• Whilst I totally agree with you Glen, you are wasting your time on these pages trying to tell non-users that Fuji AF is fine …. no-one wants to believe it.

      For the record, I too have never had any significant AF issues.

      There seems to be much received wisdom, rather than genuine user experience, in so-called ‘facts’ about X100 and now XPro1. I also agree with others that Ken may post some sanctimonious BS views at times, but, by and large, he is as capable of operating a camera as most people on the planet ….

      Thing I can’t understand – if Fuji are so cr*p at making AF cameras, why aren’t users returning them by the thousand under warranty … why haven’t Fuji filed for bankruptcy … why are they not out of business?

      • Photozopia, you just nailed it with your statement — “never had any significant AF issues.” I didn’t think either the X100 or XP1 had “significant” AF issues either. But there’s a difference in stating that vs. some who are saying that the AF in the XPro1 (or X100) never misses focus. My experience and apparently Steve’s experience as well is that the XPro1 does miss focus. It’s not all the time, but it happens in certain situations. And like I’ve said in the past, I doubt that there’s any auto focus camera out there that has an AF system that NEVER misses focus, even though a lot of people want to believe that their own gear is perfect. My experience with the XPro1 is that it does miss focus from time to time. I adjust accordingly and acquire focus one way or the other. Do I wish that the XPro1 would have nailed focus the very first time in all lighting and contrast conditions? Sure. Are some cameras better than the XPro1 in nailing focus? Sure. Is the XPro1 the ultimate in IQ right now for a cropped sensor camera? To my eyes, yes. Does the cons outweigh the pros in the XPro1 or vice-versa? Only someone who uses the camera itself can make that decision for himself (or herself).

        • If only everyone shared your viewpoint. Although not quite a resounding ‘yeh’ for the XPro1 you state what I believe to be the crux of the matter – is there an AF camera out there that does NOT miss focus at some point? My Canon DSLRs do – I don’t throw my toys out the pram in disgust and abandon everything – I just get on with it …

          There are some who choose to believe Fuji couldn’t design an AF system if they stole the plans from Canon. Most are merely repeating internet ‘fact’ ….

          For example, even before it was released, the XPro1 was, according to numerous postings on the net, “…. as big as a Canon 5D MkIII …” a fact clearly untrue, but repeated verbatim numerous times. One has to wonder where similar product dissing ‘rumors’ originate from – they surely cannot all originate from febrile moronic imagination – or have I got a cynical mind about the way companies ‘market’ their goods via enthusiast sites/forums, etc.

          Fuji’s recent success seems to have sparked a whole backlash of comment – one wonders just how valuable this ‘reverse marketing’ is to their competitors.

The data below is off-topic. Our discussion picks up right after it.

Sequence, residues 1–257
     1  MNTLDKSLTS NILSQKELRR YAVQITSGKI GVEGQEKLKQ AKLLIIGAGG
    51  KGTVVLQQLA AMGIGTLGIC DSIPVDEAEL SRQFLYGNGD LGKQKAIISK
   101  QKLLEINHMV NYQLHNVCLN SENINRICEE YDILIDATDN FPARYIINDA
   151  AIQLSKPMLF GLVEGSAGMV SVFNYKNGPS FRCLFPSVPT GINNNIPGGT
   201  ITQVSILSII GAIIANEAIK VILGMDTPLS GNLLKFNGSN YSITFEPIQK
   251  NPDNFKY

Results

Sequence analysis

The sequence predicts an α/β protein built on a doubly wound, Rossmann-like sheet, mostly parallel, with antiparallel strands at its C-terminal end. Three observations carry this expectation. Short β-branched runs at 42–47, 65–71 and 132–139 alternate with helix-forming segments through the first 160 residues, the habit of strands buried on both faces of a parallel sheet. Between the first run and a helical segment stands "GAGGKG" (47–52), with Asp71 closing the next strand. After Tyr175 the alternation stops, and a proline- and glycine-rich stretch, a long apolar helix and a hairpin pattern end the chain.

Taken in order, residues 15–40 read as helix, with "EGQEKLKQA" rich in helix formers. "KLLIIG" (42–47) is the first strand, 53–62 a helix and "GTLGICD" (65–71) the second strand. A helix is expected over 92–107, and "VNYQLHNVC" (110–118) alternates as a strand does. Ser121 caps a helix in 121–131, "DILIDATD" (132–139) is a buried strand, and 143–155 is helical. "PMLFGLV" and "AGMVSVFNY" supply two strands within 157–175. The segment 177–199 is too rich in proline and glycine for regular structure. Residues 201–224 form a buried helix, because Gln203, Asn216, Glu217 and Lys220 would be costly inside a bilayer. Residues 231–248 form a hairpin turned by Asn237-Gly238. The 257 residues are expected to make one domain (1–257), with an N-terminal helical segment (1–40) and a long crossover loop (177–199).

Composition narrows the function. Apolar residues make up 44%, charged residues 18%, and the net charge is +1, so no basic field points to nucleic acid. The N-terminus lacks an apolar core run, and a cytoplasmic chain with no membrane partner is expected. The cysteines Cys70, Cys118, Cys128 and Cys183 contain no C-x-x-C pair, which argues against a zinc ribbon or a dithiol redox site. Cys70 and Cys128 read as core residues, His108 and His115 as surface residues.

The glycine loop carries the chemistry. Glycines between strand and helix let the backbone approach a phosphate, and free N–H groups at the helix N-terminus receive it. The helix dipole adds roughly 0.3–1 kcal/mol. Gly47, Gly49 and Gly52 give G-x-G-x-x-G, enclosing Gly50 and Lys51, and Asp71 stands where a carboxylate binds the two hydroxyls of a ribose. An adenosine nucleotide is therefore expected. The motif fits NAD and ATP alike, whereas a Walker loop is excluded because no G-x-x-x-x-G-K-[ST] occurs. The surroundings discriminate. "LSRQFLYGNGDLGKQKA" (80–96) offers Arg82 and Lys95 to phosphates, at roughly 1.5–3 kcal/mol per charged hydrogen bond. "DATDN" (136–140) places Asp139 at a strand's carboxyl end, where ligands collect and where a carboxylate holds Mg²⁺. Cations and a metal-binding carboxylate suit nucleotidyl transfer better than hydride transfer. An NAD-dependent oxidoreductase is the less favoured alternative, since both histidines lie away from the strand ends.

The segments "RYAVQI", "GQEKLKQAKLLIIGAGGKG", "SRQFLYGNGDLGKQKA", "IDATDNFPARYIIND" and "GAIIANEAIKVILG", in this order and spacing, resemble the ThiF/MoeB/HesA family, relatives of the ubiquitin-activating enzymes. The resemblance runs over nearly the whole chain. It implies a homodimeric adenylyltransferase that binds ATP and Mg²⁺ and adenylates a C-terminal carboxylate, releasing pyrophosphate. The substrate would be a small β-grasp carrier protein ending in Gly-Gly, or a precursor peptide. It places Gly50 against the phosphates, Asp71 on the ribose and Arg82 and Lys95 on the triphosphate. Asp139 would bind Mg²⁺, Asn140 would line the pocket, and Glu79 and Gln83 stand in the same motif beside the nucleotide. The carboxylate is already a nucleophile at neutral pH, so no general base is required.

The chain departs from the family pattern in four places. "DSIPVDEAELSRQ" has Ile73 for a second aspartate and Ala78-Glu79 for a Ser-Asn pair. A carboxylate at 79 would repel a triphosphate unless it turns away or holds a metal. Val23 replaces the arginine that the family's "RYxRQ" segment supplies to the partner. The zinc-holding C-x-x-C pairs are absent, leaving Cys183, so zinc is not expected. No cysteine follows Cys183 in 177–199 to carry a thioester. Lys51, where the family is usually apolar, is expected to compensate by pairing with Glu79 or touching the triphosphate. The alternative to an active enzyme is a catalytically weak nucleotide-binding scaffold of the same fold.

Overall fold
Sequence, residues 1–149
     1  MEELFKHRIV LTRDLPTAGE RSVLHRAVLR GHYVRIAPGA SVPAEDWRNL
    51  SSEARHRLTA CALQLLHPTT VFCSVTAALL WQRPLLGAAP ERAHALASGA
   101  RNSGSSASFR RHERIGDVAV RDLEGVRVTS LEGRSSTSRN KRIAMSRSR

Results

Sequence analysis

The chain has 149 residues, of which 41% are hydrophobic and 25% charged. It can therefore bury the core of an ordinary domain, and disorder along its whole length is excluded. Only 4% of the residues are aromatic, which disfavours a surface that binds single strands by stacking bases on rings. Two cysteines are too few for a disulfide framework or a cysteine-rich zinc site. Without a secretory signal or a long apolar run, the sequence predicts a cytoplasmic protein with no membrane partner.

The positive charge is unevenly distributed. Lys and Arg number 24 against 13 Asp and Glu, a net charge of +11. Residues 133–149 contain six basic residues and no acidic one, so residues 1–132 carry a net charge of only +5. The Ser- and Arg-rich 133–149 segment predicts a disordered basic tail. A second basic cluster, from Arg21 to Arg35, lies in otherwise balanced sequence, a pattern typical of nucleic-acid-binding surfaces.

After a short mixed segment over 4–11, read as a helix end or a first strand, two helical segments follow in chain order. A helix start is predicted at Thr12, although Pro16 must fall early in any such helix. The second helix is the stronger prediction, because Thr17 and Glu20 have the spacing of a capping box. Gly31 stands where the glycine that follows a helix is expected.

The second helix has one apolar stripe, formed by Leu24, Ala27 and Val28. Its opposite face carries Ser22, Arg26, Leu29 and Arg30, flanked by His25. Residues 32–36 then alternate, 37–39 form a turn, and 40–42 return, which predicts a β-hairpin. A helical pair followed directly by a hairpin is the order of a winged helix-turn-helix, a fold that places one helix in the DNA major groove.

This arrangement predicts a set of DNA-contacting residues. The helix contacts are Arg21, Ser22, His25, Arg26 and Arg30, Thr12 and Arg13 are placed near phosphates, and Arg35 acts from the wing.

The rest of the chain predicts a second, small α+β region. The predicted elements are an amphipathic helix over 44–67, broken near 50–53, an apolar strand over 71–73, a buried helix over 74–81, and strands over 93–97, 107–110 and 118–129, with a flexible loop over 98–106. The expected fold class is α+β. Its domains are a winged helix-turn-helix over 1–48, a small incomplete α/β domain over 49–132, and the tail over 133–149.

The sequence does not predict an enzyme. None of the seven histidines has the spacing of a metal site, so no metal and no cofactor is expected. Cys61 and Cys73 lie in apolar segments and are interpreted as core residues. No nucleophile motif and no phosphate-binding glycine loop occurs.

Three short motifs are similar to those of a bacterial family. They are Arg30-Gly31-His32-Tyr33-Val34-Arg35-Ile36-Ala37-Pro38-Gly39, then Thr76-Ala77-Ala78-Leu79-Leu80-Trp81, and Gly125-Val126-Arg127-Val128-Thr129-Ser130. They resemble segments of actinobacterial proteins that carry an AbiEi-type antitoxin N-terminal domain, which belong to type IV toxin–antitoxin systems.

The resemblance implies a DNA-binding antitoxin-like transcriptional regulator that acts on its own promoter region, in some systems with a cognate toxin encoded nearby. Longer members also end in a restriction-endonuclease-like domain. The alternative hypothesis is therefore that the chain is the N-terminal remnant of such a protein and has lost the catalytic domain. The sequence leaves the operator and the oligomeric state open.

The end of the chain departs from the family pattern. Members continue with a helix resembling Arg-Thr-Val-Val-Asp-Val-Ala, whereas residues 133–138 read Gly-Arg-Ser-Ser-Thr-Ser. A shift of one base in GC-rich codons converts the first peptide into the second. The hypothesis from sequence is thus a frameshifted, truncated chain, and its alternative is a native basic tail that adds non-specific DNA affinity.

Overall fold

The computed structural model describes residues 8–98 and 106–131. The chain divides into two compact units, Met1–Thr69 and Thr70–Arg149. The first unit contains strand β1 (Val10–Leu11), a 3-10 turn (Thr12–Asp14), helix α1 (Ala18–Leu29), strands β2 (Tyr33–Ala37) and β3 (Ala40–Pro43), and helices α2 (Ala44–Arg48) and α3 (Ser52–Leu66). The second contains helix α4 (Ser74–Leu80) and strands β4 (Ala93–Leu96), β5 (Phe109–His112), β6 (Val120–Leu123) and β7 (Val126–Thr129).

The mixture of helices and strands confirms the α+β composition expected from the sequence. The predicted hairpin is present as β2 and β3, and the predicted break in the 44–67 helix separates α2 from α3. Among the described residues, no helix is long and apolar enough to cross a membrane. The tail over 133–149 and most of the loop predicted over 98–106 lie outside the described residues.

• In the white hats: the defensively Fuji-phile. In the black hats: the non-believers. You just can’t tell a single one of these atheists — oops, my mistake — “non-users”, anything.

        • Fred – as I replied to you in #27 – you seem to be the one stirring up the anti-Fuji feeling to fever pitch here. I’d suggest that calling Fuji users ‘atheists’ – in invoking a quasi-religious fervour – is a step too far – unless you truly believe only you …. and your God …. is right on any topic.

          Personally, I can keep any possible bigotry I might have, hidden deep in my dark soul – I certainly don’t need to vent my intolerance on others whose views differ to mine, in any way.

          I think some forum users fail to realise they can overstep the mark – we are talking about f***ing cameras here – a simple hobby – not your right to insult people you have no knowledge of – I include the Huff here as well as myself.

          I thought your previous comment – re. ‘do you think Steve is delusional’ was odd – on reading this, and a number of your other vitriolic responses in this thread, I didn’t realise vengeful personal attack was actually your main modus operandi.

          Don’t bother replying – I’ve nothing more to say to you – on cameras or any other topic.

          • Oh, but in the case of a dishonest attack on my character, I will reply.

            Yes… you responded in #27 by referring to me as delusional! For taking the position that we all ought to just accept and admit into the court of opinion ALL the observations and testimonials we’ve seen (including the positive) which appear to be solidly grounded in EVIDENCE — in the experiences of credible, experienced users… like Steve Huff, for one! To just accept the fact that different people order their priorities differently — for entirely rational, not delusional, reasons. To refrain from irrelevancies and misdirections regarding gear, and attitudes toward GEAR, in extremes of defensiveness that do not advance the discussion.